When John Stuart Mill wrote his essay “Subjection of Women”, he argued that business partnership should be the ideal model for marriage in order for women’s emancipation and a better marriage (Mill 672) as this would create an ‘equal’ atmosphere of interaction.
A television advertisement is depicting a happy family in a suburban setting, the husband, a middle-aged man acts immaturely and the wife then took care of his mistakes with a smile while promoting a certain product…
Seen one like this? Would this be one of the scenarios he conceptualize as the ideal equal marriage relationship? Mill described the equality of business partnership as having no absolute leaders, but having two co-leaders with two equal share of authority. Devoid of the uncontrolled patriarchal lordships Mill observed during his era, is top-down relationships considered an inequality and bad altogether?
Mill in advance, forecasted that at some point, certain opponents (he sometimes described as Casuists) would counter-argue that if both husband and wife have equal say, everyday decisions will be far from being accomplished and the smallest matter (e.g. who buys the grocery?) could involve feral disputes (Mill 672). He made an effort to offset this case by proposing that “one (person) should have their sole control” but it shouldn’t always be the same person each time (Mill 672). Well, shouldn’t deciding ‘who become the leader in which division’ recreates the same vicious cycle of bickering and disputes?
This so-called noble bondage of marriage is claimed by Mill as ‘domestic slavery’ similar to the slavery institution that is still operational in 1869 United States of America (Mill 669). The main point is, top-down relationships is regarded by Mill as unequal rights in action and should be abolished. Mill was and still not alone in this matter; top-down relationship is often viewed negatively especially in this new western civilization and that it is the stems of inequalities that it should be cut off immediately from the branch of society.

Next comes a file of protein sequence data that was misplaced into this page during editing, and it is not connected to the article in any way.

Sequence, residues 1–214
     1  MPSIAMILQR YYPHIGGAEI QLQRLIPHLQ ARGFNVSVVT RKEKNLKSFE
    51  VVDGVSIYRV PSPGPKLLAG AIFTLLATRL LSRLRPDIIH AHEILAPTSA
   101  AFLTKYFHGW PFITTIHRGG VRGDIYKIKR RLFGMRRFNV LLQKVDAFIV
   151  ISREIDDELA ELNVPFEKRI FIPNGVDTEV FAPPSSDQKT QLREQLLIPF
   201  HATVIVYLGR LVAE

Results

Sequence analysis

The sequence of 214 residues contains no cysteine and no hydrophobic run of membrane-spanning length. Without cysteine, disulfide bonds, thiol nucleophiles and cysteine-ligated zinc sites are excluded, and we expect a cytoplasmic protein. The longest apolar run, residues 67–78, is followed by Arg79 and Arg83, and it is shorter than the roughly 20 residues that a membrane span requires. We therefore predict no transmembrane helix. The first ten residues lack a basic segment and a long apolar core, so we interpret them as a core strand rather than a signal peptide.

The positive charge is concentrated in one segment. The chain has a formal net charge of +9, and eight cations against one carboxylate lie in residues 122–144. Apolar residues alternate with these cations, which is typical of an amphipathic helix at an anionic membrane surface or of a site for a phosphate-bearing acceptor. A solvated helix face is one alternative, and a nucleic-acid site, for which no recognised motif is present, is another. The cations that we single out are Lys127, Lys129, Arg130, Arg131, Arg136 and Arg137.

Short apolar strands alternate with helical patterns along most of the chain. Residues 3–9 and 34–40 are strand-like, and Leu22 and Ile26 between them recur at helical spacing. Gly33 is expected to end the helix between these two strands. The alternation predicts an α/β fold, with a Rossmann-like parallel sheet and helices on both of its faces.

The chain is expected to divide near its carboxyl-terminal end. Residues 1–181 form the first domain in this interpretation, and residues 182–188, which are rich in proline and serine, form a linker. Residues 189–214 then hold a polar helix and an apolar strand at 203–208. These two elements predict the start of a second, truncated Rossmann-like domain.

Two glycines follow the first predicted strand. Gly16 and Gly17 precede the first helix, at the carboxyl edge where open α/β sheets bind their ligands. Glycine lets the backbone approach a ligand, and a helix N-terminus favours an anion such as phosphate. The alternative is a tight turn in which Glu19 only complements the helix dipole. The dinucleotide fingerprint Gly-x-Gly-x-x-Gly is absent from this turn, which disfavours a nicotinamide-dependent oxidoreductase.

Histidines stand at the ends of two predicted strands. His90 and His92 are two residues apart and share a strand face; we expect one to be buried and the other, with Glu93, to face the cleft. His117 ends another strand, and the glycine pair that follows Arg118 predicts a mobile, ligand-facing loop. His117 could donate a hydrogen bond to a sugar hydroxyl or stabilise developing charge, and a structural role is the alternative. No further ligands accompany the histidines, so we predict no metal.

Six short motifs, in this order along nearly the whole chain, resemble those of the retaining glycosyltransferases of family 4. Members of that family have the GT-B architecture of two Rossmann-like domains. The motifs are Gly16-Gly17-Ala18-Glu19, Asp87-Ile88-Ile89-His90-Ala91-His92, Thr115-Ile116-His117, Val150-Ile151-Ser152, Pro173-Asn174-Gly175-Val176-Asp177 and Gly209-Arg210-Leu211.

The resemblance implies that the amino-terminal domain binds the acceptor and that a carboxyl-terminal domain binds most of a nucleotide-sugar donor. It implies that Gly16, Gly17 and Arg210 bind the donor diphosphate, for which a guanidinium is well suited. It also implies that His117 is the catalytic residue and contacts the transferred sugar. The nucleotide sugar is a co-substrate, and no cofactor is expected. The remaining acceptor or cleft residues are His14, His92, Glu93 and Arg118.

Top-down relationships should not be confused with the dominator-dominated relationship. It is crucial to not understand these two relationships to be interchangeable. A top-down relationship can be exemplified by the relationship of a democratic government leader and the civilians. This ‘leader’ exercises a top-down authority to his constituents, meaning that he is granted the ultimate decision power… But then, does he become the dominator? No, not necessarily. The leader is already in contract with its constituents when he signed for the post, therefore, he should be the main crusader for the best interest of his appointee…or he would then be unseated in the next election. A leader with top-down powers should always keep in mind his appointee, similarly, the appointed family leader (in this case, husband or wife) should always keep in mind his/her appointer, the core foundation of marriage: the COMMITMENT to have a physically, emotional, intellectual and for some, spiritual relationship with the significant other, if not, it will no longer be a marriage and all the powers of a leader would then be stripped off. Conditions applied, husbands or wives with top-down powers would then be the more responsible and mindful partner and sometimes tend to care more than required, but absolutely not the dominator.
As explained in my previous blog post (Honey, It’s Just Business), the foundation of marriage is rooted deeply on the commitment ITSELF to be a part of each other physically, emotionally, intellectually and for some, spiritually, and this being the source for a marriage leadership, top-down relationships then would not create unequal rights among partners but provide different roles for them. In this post, I WOULD NOT ARGUE which types of relationships is better, or which gender is worth more being the leader, but only to prove the point that top-down relationships are not bad altogether and is possible to be applied in marriage, without one being the dominated and one being the dominator.
 Mill, John Stuart. “On Liberty” in Modern Political Thought: Readings from Machiavelli to
Nietzsche. 2nd ed., edited by David Wootton (Indianapolis: Hackett Pub., 2008).
 Honey It’s Only Business. [Polisci 101 Intro to Political Theory Blog]. Retrieved December 15, 2009, from the World Wide Web:http://polsci101.wordpress.com/2009/12/15/honey-it’s-only-business/